The second video feedback test sample, Web Work, features a series of layered textures created from a moving set of bands generated by looping a Showtime Video Ventures Image Enhancer into itself, with specific positions on the Response and Enhance dials.
The feedback is sent through a Panasonic WJ-MX12 mixer (mostly to stabilize the signal) and recorded straight to DVD. Within Adobe Premiere (CS5) it's altered slightly, and then angled and layered. The blue colour that strikes a lower layer in the video's midsection like lightning seems to come from a series of hidden colour bursts that emerge when colour settings are adjusted.
The digital tweaking in Premiere doesn't alter the effect of the textured feedback, especially since the wavering seen at the beginning of the video is part of the original analogue signal. This test was an exercise in creating video noise within a component, and building a complex, moving series of patterns through additive / subjective layers.
Its effect may hypnotic, headache-inducing, or mind-numbing (especially when you relax your gaze as the geometric pits within the patterns shift, darken, or wobble). Further information on the gear and the creative processing in my noodle is detailed at Big Head Amusements (see bigheadamusements.com/wordpress/?p=554).
This is the first in a series of test samples featuring feedback between analogue tube and old CCD video cameras, at least one vintage mixer, and old prosumer gear, plus some digital fiddling in the end.
Test 001, Blue Plasma, is divided into two sections. The first features silent footage from a 1982 JVC GX-77U Vidicon tube camera fed into a Panasonic WJ-MX12 mixer and looped through the mixer's input B to achieve feedback resembling waves of pastel colours. After dumping the DVD of recorded footage to the hard drive, I punched out all colours using Adobe Premiere, except blue to get the free-form blue glow.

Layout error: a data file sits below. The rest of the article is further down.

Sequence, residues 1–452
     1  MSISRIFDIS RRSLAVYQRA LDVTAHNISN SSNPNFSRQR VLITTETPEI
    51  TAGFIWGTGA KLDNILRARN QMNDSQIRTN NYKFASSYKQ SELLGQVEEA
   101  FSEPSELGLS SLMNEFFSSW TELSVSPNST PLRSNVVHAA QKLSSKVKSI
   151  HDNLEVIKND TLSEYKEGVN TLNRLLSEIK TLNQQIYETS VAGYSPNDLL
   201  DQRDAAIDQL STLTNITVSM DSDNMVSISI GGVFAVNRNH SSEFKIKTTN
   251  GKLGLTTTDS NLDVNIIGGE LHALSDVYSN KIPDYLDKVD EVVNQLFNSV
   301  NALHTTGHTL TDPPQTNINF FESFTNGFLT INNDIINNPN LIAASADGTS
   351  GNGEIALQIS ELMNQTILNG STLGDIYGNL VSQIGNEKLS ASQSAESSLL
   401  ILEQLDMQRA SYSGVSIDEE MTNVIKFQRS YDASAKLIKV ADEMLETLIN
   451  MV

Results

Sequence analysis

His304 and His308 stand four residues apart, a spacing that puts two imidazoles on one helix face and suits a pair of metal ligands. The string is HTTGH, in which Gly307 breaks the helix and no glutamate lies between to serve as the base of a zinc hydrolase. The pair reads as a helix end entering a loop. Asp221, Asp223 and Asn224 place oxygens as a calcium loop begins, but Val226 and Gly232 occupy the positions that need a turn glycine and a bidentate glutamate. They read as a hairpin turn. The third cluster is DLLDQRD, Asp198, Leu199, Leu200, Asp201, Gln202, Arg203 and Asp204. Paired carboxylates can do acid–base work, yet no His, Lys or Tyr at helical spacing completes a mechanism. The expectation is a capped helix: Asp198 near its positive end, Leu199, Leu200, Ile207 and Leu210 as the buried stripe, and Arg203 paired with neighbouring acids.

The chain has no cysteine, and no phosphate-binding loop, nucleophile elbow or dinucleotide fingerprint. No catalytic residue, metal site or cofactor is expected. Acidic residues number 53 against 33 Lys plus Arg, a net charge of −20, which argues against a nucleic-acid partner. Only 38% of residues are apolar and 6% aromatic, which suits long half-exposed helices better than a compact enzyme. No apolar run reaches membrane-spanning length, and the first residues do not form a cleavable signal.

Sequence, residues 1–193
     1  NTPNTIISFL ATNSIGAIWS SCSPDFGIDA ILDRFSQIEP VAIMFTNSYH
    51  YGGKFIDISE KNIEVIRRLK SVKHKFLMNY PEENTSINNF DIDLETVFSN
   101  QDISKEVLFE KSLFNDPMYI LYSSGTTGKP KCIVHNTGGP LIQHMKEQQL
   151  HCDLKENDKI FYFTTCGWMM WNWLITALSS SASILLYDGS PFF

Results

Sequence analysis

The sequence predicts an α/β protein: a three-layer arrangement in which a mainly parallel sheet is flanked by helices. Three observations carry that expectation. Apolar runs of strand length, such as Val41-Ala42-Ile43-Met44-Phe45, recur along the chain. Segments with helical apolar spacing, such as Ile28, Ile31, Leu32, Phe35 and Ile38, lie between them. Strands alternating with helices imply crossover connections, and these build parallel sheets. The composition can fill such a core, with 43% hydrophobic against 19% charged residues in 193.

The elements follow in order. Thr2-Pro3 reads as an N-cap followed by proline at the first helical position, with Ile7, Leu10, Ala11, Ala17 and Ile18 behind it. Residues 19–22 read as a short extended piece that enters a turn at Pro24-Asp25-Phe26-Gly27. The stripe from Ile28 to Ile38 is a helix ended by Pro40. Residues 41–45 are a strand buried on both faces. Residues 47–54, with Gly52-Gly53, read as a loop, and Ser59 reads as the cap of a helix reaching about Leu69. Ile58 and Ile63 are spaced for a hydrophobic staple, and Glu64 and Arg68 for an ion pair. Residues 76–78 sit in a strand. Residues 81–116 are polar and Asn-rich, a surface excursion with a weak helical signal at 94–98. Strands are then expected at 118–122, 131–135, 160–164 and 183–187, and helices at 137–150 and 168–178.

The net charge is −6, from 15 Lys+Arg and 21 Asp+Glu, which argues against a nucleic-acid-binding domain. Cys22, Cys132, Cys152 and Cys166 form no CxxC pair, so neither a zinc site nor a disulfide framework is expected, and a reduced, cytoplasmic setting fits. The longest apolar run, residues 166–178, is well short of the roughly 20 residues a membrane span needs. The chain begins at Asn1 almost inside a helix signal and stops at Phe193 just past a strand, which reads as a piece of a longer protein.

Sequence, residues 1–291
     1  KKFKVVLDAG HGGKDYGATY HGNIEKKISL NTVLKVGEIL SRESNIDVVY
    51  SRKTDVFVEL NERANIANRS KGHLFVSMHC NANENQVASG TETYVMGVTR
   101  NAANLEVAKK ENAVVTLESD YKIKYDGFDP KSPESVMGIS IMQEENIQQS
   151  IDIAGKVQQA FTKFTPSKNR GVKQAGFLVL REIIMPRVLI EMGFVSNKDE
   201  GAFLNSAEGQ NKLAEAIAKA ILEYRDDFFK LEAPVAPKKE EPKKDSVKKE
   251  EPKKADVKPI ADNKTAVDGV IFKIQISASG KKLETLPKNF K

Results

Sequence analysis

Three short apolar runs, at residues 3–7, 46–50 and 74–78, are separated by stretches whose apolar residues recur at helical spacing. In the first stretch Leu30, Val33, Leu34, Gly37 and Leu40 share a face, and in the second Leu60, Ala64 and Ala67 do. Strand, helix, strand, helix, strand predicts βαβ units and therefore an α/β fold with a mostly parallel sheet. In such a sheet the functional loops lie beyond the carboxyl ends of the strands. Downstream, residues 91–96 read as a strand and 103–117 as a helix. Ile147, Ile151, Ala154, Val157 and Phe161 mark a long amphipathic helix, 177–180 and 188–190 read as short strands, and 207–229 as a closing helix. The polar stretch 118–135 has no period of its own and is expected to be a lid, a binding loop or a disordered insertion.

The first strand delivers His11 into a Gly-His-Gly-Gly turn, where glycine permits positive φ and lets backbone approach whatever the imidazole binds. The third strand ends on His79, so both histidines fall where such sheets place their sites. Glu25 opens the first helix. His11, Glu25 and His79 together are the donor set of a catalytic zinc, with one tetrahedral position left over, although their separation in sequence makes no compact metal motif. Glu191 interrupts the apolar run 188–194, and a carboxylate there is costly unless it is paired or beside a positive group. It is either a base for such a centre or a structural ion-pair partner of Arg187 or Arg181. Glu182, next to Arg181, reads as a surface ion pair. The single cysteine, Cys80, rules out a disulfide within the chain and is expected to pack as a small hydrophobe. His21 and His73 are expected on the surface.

The second section (also silent) looks the way it does primarily due to the many dying capacitors in a 1991 Sony V-801 Hi8 camcorder, which started to go bad around 2007. The camera's 'issues' are further detailed at Big Head Amusements (see bigheadamusements.com/wordpress/?p=475).
As it films itself off a monitor, the camera's completely unstable S-VHS output is fed into the Panasonic mixer, looped out into a vintage Showtime Video Ventures Image Enhancer, and using its dials, the degree of feedback is somewhat controlled. The results are sent back into the mixer, where the footage is overlaid and then recorded straight to DVD.
Using Premiere, all colours except blue are punched out, and the footage is duplicated, layered, delayed, and a minor filter is applied to created more extreme contortions, although all the flittering and jittering is the result of the Sony camera's bad signal, and the Panasonic mixer's efforts to stabilize it.
For more info and images of the gear used for the test, please visit the aforementioned link.
A 1983 JVC GZ-S5 saticon video camera is aimed at a standard LCD monitor, and its signal is routed into a 1968 Sony SEG-1 B&W mixer with no fixed sync. That signal goes into a 1987 Panasonic WJ-MX12 mixer, where it's tinted, stabilized, and recorded to DVD prior to being layered in Adobe Premiere.
This short test, alongside Test 003 b, is purely to create layers of rolling lines and patterns with variable speeds, densities, and aberrations. Further information on the gear is detailed at Big Head Amusements (see bigheadamusements.com/wordpress/?p=632).